Wednesday, May 20, 2009


Shapely Prose-- a blog that I absolutely adore for its commitment to changing the way we view weight, fat people, and weight-loss-- has the following post up today:

I’m talking to a reporter who’s doing a story about what “messages” celebrities send with their weight-loss/weight-gain narratives. In her own words, she wants to know: “What was your reaction to Kirstie Alley’s and Oprah’s latest revelations? Did their descriptions of the shame and humiliation they felt about it make you feel normalized? Hopeless? Angry? Other?”

I wanted to include my response here:

I think the first response I had to both Oprah and Kirstie Alley was simply questioning why they continually choose to share their "pain" and "humiliation" with the rest of us. Do they think that their bodies are some type of report-card grade that has to be authorized by the general public? These women, especially Oprah, are pretty private about many areas of their personal lives- why do they feel their bodies are public property? Kirstie Alley's fame for the last decade or so has been based solely on her weight loss and weight gain, so it's not surprising to see another tabloid cover confession, I guess I just wonder why she allows that to be marketed to the degree that it is when she is a talented actress and undoubtedly has other things going on in her life aside from her weight.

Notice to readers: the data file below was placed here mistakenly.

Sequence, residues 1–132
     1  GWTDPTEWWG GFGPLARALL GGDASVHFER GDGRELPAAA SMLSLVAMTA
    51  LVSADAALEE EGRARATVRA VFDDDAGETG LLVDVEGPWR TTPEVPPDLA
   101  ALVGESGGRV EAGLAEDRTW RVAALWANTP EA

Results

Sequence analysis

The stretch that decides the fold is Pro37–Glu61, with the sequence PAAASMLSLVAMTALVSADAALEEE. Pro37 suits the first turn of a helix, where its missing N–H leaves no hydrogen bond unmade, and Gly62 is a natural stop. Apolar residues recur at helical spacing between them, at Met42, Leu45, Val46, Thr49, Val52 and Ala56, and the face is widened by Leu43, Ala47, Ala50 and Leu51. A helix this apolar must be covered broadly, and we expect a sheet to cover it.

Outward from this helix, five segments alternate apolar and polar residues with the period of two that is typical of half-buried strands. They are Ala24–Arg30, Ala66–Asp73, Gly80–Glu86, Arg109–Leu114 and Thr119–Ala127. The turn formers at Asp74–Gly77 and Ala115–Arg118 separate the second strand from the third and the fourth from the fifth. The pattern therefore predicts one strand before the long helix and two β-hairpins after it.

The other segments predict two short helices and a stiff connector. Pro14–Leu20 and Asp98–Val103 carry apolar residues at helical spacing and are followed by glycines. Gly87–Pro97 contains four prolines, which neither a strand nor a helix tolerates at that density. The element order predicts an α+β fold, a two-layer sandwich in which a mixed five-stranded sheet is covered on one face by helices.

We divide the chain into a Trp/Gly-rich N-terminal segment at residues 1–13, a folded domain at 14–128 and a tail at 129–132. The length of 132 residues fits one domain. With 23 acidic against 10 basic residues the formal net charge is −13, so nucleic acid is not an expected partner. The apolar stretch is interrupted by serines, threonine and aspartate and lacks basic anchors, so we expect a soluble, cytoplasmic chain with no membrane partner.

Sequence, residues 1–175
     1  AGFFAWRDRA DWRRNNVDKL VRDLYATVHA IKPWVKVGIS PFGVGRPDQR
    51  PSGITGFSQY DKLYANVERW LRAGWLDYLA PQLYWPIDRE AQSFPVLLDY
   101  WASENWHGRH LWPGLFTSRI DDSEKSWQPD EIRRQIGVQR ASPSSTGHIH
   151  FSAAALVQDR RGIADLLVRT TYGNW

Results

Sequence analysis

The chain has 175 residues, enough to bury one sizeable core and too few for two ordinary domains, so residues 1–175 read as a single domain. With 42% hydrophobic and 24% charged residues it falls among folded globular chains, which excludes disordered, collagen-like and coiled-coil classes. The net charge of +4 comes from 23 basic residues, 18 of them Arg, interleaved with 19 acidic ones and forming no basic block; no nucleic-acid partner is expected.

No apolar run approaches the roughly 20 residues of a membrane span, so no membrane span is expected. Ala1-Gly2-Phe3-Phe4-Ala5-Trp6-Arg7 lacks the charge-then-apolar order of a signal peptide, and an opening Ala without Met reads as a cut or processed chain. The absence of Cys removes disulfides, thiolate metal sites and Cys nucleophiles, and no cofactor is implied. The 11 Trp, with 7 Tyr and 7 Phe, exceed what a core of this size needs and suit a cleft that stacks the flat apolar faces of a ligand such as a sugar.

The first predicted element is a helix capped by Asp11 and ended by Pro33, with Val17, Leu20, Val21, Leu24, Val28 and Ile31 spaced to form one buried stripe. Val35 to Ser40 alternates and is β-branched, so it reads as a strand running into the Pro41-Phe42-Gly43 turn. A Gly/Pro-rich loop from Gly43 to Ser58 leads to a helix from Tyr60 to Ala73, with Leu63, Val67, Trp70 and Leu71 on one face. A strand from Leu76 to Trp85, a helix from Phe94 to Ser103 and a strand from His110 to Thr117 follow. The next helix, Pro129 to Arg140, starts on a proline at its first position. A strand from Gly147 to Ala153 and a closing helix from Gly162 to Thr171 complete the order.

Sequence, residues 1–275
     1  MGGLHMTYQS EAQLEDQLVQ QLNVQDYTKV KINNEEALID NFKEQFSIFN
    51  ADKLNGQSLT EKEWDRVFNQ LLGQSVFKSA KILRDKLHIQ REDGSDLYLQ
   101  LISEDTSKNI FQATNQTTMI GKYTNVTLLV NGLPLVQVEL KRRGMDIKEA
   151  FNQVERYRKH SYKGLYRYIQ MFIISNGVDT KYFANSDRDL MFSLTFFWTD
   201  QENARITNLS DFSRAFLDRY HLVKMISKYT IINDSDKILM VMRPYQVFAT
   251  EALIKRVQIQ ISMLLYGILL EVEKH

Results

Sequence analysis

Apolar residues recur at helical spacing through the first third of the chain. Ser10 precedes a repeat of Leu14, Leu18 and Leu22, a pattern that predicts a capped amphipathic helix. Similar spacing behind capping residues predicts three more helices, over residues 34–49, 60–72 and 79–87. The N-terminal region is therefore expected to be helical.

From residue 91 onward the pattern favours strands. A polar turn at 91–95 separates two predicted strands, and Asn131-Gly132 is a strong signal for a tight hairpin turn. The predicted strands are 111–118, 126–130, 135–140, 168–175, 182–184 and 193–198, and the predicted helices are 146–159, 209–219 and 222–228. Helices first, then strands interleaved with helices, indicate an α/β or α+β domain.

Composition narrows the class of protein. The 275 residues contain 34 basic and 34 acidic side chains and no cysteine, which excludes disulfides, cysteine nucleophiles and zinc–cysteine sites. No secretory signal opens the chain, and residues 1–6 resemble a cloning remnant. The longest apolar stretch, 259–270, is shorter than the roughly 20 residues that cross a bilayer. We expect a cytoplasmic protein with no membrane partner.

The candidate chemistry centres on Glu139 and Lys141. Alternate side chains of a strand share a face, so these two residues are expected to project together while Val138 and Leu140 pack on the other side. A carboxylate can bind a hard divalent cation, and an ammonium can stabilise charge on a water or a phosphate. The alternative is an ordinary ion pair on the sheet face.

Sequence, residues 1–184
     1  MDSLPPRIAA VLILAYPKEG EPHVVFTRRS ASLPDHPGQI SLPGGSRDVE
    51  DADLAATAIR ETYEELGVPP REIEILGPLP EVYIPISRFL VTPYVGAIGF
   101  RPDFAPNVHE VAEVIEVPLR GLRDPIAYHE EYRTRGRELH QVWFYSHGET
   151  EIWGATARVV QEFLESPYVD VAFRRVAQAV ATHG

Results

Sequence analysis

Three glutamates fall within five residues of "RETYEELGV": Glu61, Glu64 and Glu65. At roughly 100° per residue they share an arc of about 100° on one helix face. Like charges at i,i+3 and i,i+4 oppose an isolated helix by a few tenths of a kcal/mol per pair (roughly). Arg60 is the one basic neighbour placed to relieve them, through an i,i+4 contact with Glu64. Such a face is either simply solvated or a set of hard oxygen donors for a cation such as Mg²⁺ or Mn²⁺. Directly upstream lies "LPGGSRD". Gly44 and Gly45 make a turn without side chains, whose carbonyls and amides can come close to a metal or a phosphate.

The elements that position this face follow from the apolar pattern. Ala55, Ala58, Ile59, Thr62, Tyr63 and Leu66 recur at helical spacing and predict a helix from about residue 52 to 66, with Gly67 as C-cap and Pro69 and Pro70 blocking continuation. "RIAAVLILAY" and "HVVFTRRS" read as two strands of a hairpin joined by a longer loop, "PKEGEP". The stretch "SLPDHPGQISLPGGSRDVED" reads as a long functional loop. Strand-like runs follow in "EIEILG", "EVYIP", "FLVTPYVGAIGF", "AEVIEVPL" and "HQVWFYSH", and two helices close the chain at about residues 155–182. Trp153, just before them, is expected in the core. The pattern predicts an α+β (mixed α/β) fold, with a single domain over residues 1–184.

Society has an ongoing conversation about younger celebrities who market themselves with their bodies (e.g., Paris Hilton/Kim Kardashian's fame spawning from sex tapes), but I think that Oprah and Kirstie exemplify the same cultural pressure to submit their bodies to scrutiny in the name of fame that the younger generations do; except, rather than being directly tied to their sexuality, it's to their weight (which is then connected to sexuality, but also a whole host of other "ills" such as laziness, selfishness, and stupidity). It's like they're Weight Sluts. We can envy Oprah for her billions, her fame, her success, her life, as long as at the end of the day we feel like we're better than her- that lazy, stupid bitch who can't keep the weight off.

Update: Was interviewed by the New York Times for my commentary. We'll see if I am actually quoted in the article that they post. Either way, I'll be posting a link to the article to this website as a way to further this interesting conversation. :)

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